Monday, November 25, 2013



  • Paperback: 136 pages
  • Publisher: CreateSpace Independent Publishing Platform (October 22, 2012)
  • ISBN-10: 148013161X
  • Author : Amy Ellis
  • Cover art: It makes a statement
  • Overall rating *** out of 5 stars
  • Obtained: My personal book shelf

 Thinspo by Amy Ellis
Reviewed by Moirae the fates book reviews

Jenni is an average teenage girl about to graduate from high school who keeps a blog about her struggles to get a boyfriend and arguments with her best friend, Carly. But Jenni's blog is a bit different. She's a pro-ana/pro-mia blogger documenting her struggles with her eating disorder, keeping track of her weight, calorie intake and what her parents made her eat. When her best friend Carly discovers her blog, things start to blow up, only getting worse as Jenni meets Dani, who also suffers from an eating disorder. Jenni's story is tragic and sarcastic rolled into blog format and told through her posts and text messages.(Synopsis provided by goodreads)

Okay, this is one of the shorter eating disorder books I have read. I do wish it was bigger then it was but it's not. It's just an okay book, it didn't knock my socks off, but I didn't hate it either. I think what bothered me most was the ending, it felt very rushed, it all got solved and fixed up way too easily for my tastes. 
Jenni felt real though, which I liked. Her anger,hurt,frustration was all things that a friend of mine (may she rest in peace) felt reading the book, I felt like I was reading about my friend.

It's a fairly fast read, I read it in a few hours on a trip. I would say to borrow it from a library or a kindle exchange before you buy. I don't think I'll be reading it again. 

Overall there are better books about eating disorders you can read. The one I'd recommend the most would be Wintergirls.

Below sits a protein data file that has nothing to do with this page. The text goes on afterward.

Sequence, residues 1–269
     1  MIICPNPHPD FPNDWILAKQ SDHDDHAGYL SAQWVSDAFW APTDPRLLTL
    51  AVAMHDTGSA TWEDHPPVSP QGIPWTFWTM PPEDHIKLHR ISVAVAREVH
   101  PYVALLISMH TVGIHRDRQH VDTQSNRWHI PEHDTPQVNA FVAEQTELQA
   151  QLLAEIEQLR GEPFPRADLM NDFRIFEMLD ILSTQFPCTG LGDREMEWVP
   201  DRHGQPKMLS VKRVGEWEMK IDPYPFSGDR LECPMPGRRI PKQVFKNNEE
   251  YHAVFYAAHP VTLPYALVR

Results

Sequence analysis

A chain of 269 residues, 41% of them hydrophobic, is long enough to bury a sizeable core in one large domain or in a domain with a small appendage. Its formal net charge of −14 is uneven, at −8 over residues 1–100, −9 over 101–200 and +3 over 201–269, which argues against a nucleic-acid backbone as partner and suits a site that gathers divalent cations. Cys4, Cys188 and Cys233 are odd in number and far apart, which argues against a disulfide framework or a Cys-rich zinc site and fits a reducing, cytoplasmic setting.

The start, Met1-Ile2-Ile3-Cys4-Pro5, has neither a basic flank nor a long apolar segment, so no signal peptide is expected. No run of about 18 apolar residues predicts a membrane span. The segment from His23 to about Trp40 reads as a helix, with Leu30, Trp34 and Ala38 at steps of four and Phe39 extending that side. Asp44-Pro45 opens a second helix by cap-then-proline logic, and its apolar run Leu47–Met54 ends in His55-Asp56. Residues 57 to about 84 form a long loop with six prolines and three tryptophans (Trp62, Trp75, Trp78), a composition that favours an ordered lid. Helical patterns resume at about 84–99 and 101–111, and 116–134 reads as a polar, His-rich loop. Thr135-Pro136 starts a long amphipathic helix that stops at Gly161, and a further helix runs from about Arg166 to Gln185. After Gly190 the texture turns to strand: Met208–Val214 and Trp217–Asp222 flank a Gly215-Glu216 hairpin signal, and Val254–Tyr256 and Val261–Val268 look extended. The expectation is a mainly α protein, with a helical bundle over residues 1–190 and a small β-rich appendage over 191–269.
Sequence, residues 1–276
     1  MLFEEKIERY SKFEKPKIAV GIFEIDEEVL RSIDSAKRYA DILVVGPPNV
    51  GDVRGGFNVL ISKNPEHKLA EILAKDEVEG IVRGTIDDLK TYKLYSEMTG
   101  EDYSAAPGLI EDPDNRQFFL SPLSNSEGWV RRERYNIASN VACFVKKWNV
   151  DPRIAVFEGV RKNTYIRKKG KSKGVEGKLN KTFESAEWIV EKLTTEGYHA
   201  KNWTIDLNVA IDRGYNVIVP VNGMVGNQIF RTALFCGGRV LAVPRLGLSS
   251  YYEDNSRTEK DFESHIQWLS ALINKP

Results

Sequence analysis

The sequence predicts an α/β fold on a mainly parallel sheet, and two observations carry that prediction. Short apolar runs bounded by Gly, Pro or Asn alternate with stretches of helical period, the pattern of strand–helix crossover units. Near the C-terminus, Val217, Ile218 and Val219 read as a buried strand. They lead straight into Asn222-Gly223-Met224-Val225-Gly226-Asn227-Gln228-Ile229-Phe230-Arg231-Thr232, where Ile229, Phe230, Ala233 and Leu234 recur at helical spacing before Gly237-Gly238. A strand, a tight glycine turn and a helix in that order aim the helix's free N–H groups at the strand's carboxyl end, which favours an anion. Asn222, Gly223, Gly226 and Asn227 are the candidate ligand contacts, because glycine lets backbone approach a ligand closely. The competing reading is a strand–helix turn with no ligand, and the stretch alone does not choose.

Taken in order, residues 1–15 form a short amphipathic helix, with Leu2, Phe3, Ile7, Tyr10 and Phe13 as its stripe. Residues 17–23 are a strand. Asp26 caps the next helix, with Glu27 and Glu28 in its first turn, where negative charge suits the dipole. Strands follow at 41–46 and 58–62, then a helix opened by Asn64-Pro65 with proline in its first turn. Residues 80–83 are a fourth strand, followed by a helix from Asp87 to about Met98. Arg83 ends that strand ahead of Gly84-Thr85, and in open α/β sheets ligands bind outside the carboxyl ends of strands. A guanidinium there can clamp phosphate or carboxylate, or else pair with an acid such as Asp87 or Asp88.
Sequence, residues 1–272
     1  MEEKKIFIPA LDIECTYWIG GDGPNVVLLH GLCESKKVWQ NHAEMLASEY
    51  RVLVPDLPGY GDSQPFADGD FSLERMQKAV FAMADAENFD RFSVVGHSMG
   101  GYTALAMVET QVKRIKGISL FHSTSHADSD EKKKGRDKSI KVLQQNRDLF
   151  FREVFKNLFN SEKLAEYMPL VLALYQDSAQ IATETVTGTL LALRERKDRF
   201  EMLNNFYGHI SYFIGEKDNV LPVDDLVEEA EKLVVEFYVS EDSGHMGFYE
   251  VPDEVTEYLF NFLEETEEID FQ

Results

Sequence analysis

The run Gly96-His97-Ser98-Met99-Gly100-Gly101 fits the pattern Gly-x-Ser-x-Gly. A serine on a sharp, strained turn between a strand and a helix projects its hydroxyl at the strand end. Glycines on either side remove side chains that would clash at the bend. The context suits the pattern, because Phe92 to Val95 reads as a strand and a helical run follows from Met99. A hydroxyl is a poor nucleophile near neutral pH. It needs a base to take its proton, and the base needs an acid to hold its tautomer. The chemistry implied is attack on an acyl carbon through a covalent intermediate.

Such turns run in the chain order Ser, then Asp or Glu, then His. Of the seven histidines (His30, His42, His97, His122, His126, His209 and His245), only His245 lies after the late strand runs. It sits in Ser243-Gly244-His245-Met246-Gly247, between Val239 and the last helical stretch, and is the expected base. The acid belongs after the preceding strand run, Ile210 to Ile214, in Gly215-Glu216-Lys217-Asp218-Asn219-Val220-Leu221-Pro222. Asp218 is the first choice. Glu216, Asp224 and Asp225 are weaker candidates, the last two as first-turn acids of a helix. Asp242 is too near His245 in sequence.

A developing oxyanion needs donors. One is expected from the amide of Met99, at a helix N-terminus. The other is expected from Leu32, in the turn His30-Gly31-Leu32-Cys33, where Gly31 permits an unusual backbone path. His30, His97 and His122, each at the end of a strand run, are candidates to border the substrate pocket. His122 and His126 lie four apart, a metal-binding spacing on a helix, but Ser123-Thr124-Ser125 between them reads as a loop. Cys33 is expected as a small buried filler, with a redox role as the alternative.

So say we all!

Monday, November 11, 2013

Nick and Tesla's High Voltage Danger Lab

  • Series: Nick and Tesla's High Voltage Danger Lab (Book 1)
  • Hardcover: 240 pages
  • Publisher: Quirk Books (November 5, 2013)
  • ISBN-10: 1594746486
  • Author: Bob Pflugfelder & Steve Hockensmith
  • Cover art: It's not my favorite
  • Overall rating:*** out of 5 stars
  • Obtained: From Quirk books in exchange for review
Nick and Tesla are bright 11-year-old siblings with a knack for science, electronics, and getting into trouble. When their parents mysteriously vanish, they’re sent to live with their Uncle Newt, a brilliant inventor who engineers top-secret gadgets for a classified government agency. It’s not long before Nick and Tesla are embarking on adventures of their own—engineering all kinds of outrageous MacGyverish contraptions to save their skin: 9-volt burglar alarms, electromagnets, mobile tracking devices, and more. Readers are invited to join in the fun as each story contains instructions and blueprints for five different projects.

In Nick and Tesla’s High-Voltage Danger Lab, we meet the characters and learn how to make everything from rocket launchers to soda-powered vehicles. Learning about science has never been so dangerous—or so much fun! (Synopsis provided by goodreads)

This is a super quick read. I generally don't read a lot of middle grade, but this one sounded like fun. 
It was fun, but I felt like it was missing something, though I'm not sure what was missing, but it did feel like there was ingredient left out. 

It was a humorous book and I really enjoyed the characters. Tesla reminds me of a young girl I know very curious. 

One thing that really stands out for me is how the reader can do the experiments right along with the characters in the book, of course an adult needs to be present to help the reader with the experiments. 
I think a lot of young kids and some older ones would love to be able to be apart of the story in that way.